Rites of passage in a world of change

29th September 1995 at 01:00
Making Scenes 1, Age range: 10 plus"School Journey to the Centre of the Earth" By Daisy and Ken Campbell; "Faith, Hope and Charity" By Christopher Hampton after Odon von Horvath; "Stone Moon" By Judith Johnson; "The Forest of Mirrors" By Gregory Motton. 0 413 69840 8

Making Scenes 2, "A Bucket of Eels" By Paul Godfrey; "The Wild at Heart Club" By Jenny McLeod; "The Minotaur" By Jan Maloney; "The Bedbug" By Snoo Wilson after Vladimir Mayakovsky. 0 413 69850 5

Making Scenes 3, "Indian Summer" By Harwant Bains; "Almost Grown" By Richard Cameron; "The Ice Palace" By Lucinda Coxon adapted from Tarjei Vesass; "The Dark Tower" By Louis MacNeice. 0 413 69860 2. Methuen Drama in association with the Royal National Theatre, Pounds 9.99 each

David Hornbrook welcomes the National Theatre's playscripts for young actors. The three volumes of Making Scenes comprise the 12 plays commissioned by the Royal National Theatre for the 1995 BT National Connections festival for young actors. They form an excitingly eclectic collection of high quality writing, ranging across culture, time and age group, and well deserving of a place on the shelves of secondary school drama departments and upper primary classrooms. No play is much more than an hour long in performance and each is accompanied by concise, down-to-earth production notes and an interview with its author.

If there are themes which characterise the collection, they are those of childhood friendship, young love and rites of passage. My favourites are School Journey to the Centre of the Earth, a sparkingly funny primary coach-trip romp originally written by Ken Campbell's daughter Daisy at the ripe old age of nine, and Lucinda Coxon's The Ice Palace. Set in a remote village in winter, the latter is intensely visual in its imagery and staging and has all the romantic optimism of late Shakespeare. Although Stone Moon is similarly timeless and rural, an over-stated message somewhat blunts the play's otherwise powerful humanity.

Faith, Hope and Charity has been adapted by Christopher Hampton from Horv th's darkly ironic 1933 original. Profoundly evocative of Horv th's own troubled times rehearsals for the first production were stopped by the Nazis the play's exposure of the tyranny of petty bureaucrats reminded me of Hasek's Svejk stories. The Bedbug is another adaptation, this time of Mayakovsky. Enhanced by clever use of songs (originally scored by Shostakovich), the play is a hugely funny satire on the utopianism of the 1917 revolution. As today we struggle to make sense of life after communism and fear the irrationalities of the forces which seem to be shaping our world, both these plays have much to say.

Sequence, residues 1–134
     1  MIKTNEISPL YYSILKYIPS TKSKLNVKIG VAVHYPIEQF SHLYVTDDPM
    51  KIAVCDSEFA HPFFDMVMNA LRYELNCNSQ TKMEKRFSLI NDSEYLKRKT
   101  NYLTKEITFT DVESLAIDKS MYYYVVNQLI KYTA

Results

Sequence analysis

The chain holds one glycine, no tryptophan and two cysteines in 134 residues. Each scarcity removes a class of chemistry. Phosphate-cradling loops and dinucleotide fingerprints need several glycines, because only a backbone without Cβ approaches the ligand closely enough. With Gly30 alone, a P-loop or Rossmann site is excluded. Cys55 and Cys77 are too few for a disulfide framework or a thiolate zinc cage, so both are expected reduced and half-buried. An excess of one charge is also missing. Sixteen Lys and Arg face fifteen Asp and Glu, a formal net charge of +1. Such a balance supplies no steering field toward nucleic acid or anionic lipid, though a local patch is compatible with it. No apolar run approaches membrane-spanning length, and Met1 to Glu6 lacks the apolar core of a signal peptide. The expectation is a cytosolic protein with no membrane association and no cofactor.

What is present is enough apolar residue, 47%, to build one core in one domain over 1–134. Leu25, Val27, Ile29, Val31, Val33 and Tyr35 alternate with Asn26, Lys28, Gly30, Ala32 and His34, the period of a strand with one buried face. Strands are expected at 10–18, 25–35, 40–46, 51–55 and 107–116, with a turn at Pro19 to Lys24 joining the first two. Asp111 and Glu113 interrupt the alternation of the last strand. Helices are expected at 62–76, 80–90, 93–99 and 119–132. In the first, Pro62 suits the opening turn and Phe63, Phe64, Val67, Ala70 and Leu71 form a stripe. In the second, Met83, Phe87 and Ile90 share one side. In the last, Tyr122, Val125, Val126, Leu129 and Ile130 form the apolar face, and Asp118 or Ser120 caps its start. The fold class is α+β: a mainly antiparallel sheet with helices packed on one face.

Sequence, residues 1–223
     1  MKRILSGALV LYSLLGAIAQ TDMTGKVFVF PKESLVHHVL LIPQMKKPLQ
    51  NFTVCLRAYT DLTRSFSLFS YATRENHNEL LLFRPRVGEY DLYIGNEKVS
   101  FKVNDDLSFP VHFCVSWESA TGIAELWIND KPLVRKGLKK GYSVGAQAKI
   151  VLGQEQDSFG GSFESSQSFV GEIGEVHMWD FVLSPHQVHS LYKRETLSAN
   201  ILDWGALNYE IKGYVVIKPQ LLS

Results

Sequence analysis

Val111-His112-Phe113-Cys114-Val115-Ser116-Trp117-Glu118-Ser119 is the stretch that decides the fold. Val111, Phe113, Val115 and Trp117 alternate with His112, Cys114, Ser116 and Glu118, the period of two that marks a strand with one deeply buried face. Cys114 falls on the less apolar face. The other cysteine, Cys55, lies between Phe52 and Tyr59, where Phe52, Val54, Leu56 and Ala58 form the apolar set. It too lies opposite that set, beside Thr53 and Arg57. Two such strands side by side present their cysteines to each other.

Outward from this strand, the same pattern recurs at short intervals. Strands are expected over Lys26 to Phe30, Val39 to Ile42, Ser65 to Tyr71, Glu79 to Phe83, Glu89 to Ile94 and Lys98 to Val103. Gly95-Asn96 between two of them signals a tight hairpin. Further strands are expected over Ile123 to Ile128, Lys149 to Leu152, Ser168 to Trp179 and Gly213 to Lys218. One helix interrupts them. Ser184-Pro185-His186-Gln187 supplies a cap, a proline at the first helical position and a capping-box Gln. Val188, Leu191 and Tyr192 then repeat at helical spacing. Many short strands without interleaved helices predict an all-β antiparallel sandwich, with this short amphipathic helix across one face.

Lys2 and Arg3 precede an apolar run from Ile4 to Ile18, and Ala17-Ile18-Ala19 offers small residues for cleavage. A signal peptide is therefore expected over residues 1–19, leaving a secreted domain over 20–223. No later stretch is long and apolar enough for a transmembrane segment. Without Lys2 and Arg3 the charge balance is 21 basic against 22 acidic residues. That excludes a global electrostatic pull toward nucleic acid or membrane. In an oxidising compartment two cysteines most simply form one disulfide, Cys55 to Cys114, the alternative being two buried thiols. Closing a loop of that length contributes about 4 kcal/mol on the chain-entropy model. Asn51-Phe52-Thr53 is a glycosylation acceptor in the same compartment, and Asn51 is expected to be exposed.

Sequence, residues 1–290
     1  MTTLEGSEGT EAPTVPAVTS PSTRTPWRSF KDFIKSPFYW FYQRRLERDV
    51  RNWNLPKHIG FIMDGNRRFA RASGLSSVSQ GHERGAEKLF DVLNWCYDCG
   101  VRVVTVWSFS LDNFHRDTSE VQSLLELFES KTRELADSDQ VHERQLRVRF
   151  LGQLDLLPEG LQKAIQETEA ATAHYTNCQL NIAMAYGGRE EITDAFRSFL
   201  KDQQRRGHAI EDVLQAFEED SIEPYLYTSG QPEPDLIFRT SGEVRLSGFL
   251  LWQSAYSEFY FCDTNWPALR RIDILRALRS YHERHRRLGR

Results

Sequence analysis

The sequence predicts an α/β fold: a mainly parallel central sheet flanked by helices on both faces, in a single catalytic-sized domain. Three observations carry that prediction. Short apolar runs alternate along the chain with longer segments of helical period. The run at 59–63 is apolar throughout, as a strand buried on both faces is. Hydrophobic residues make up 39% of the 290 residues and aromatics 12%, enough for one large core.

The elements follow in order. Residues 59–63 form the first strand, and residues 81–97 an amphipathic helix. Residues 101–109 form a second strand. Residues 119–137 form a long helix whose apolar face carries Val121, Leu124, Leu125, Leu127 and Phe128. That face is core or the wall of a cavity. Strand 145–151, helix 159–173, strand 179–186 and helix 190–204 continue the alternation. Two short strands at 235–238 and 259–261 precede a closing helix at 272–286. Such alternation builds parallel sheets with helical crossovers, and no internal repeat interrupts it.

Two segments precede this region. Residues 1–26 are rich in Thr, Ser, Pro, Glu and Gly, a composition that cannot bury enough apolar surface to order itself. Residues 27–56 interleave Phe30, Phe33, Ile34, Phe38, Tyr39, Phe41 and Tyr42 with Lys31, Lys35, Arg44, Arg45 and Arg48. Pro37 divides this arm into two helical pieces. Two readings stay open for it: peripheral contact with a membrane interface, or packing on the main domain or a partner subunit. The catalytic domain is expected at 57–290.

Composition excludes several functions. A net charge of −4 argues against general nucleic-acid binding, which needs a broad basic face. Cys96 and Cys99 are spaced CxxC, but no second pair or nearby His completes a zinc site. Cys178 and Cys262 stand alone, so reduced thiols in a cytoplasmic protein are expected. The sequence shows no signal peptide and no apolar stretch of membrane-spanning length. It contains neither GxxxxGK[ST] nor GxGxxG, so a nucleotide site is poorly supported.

MacNeice's, The Dark Tower, another period piece, wears less well, betraying its origins as a 1946 BBC radio script. And, despite its author's call for "the most convincing recreation of a wood possible" for his characters' pre-marital encounters, A Bucket of Eels would also make good radio. Indian Summer takes us back to a small town in 1960s India.

Harwant Bains draws on his own experience to paint a sensitive picture of the identity crisis suffered by a boy born in London to Indian parents when he returns to his roots. In the wonderfully Beckett-like opening to The Forest of Mirrors, a man living alone knocks furiously at his own door before giving up in frustration and letting himself in. Gregory Motton's splendidly eccentric fairy story fully lives up to the promise of this beginning.

The verse style chosen by Jan Maloney for The Minotaur is less successful, the blend of the heightened and the colloquial "Oh it's you, heir to the Athenian throne" lacking the linguistic confidence of Jenny McLeod's violent and sharply observed slice of gangland life, The Wild at Heart Club. Richard Cameron is not shy of violence in Almost Grown, which takes us back and forth in time as a group of young men reflect on their boyhood. Although there is some lovely writing, notably in the monologues, the complex structure is sometimes difficult to follow, both in the text and, I suspect, on the stage.

In commissioning these plays, Suzy Graham-Adriani, director of BT National Connections, has not only animated some genuinely innovative new writing but has significantly raised the benchmark against which playscripts for young people will be judged in future. It is only to be hoped that the continuing support of BT for the festival will make further anthologies of this quality possible.

David Hornbrook is arts inspector for the London Borough of Camden.

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